Callahan interview

Jason Callahan

Humanist chaplain for the Thomas Palliative Care Unit at Virginia Commonwealth University’s Massey Cancer Center, Richmond, Virginia.

Jason Callahan [View Image]

How has your work changed due to the pandemic?

The palliative care aspect of things has changed tremendously. Since we were getting ready for the potential influx of COVID-positive patients, for end-of-life care, we began finding options for patients who wanted to get discharged home. There is a lot more staff care being done because of the risks of being a caregiver in this environment and the toll it takes on people daily. We have taken on the family role as well. We loved our patients before, but now it means something else entirely.

What are some things that you do that you’ve found to be especially comforting for coronavirus patients and their families?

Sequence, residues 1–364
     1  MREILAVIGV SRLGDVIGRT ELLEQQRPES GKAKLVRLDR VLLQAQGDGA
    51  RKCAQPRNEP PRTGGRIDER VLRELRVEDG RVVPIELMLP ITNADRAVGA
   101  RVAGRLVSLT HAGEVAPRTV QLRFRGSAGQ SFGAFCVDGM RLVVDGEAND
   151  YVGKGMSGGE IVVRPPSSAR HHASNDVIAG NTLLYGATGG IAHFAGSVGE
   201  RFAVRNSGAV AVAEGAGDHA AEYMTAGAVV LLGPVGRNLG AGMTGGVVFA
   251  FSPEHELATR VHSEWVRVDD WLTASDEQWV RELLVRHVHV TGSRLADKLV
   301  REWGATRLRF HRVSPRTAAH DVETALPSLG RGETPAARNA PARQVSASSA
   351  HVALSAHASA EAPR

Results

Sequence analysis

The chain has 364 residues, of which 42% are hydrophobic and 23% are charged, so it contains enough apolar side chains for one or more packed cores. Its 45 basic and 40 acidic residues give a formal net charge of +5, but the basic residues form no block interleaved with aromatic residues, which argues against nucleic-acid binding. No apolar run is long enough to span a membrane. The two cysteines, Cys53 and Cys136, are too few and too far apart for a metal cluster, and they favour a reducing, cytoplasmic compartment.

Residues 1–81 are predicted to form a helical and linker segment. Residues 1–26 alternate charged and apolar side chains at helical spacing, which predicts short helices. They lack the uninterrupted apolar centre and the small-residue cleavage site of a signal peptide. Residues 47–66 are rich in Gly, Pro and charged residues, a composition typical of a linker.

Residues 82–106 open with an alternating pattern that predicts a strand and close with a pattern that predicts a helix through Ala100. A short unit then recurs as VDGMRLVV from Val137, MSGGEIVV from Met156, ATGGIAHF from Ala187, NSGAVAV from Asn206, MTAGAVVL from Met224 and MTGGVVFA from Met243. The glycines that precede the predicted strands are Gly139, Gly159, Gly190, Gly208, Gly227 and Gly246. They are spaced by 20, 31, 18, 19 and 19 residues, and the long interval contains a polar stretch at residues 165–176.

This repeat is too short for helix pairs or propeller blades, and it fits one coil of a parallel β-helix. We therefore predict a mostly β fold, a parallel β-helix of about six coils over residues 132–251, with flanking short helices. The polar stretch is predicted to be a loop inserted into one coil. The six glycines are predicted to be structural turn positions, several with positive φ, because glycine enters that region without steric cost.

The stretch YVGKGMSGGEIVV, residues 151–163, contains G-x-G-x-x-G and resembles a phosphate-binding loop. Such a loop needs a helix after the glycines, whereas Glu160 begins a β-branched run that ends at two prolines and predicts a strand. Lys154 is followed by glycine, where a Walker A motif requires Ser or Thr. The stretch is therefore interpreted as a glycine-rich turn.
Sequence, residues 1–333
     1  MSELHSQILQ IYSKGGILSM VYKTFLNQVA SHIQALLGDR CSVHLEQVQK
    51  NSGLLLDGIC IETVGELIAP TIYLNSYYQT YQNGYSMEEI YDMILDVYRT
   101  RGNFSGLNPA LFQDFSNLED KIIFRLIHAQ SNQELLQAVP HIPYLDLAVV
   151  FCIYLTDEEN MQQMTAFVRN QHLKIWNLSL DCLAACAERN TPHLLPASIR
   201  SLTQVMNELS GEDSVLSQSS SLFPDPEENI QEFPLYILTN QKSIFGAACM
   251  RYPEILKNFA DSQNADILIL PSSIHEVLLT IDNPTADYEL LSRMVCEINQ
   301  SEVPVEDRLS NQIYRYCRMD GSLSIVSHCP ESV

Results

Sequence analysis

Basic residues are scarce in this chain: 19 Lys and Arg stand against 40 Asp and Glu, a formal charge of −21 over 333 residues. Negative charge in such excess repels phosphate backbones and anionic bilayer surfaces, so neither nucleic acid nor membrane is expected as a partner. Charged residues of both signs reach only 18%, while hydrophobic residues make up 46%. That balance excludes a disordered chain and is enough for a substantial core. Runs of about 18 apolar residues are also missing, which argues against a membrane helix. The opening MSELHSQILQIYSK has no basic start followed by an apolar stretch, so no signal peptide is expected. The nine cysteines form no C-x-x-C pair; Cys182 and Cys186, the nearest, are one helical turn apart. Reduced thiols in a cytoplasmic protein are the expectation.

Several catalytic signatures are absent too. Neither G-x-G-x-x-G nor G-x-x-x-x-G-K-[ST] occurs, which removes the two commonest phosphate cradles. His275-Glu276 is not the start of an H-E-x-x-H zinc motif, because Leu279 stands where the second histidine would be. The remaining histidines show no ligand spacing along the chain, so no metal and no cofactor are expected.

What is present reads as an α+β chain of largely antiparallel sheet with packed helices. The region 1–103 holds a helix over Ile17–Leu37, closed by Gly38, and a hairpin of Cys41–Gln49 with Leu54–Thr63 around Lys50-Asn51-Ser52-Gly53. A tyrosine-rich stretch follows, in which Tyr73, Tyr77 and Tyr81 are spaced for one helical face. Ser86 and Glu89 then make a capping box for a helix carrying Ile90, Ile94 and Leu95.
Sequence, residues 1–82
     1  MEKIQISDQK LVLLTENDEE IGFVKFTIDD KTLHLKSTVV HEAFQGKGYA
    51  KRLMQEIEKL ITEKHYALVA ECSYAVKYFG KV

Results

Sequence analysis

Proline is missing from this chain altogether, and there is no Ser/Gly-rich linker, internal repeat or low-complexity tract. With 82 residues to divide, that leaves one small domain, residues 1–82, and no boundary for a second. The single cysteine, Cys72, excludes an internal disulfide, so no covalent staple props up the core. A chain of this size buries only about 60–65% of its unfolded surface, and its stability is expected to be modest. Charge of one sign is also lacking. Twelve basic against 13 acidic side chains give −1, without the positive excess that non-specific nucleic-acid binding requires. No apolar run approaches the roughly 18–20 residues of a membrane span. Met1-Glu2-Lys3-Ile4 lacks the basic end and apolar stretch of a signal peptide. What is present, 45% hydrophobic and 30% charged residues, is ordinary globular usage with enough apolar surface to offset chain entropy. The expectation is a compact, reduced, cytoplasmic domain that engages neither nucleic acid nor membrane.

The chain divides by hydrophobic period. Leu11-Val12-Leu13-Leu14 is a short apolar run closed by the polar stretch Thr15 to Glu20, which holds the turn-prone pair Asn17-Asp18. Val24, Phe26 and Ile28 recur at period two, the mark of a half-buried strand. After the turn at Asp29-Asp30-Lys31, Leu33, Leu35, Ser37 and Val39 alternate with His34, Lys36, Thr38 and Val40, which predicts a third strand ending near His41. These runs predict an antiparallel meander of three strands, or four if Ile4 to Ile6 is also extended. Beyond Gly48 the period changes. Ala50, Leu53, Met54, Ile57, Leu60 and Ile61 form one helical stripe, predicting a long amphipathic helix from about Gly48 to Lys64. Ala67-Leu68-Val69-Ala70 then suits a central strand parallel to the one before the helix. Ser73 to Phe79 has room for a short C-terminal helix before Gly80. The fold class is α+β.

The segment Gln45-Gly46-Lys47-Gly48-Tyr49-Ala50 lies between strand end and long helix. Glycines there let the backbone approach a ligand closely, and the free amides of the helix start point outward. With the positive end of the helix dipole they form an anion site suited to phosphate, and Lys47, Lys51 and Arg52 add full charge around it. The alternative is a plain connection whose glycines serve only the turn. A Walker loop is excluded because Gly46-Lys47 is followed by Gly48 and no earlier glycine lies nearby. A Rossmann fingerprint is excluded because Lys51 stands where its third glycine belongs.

Constant communication is key. We just have to do that a lot more to reassure families and patients. Listening and finding a way to put pieces of them in the room goes a long way as well. I’ll get emails from families that will send me pictures to print up and post in the patients’ rooms. Or I will write down an inside joke from a family member and have the nurse read it to the patient when they go in, just to get a smile.

Has the pandemic changed how you feel about your work?

I feel like chaplains are more essential now than ever. If chaplains were expected to justify our presence in health care systems before, I bet now people are starting to see the need to have us clear as day.

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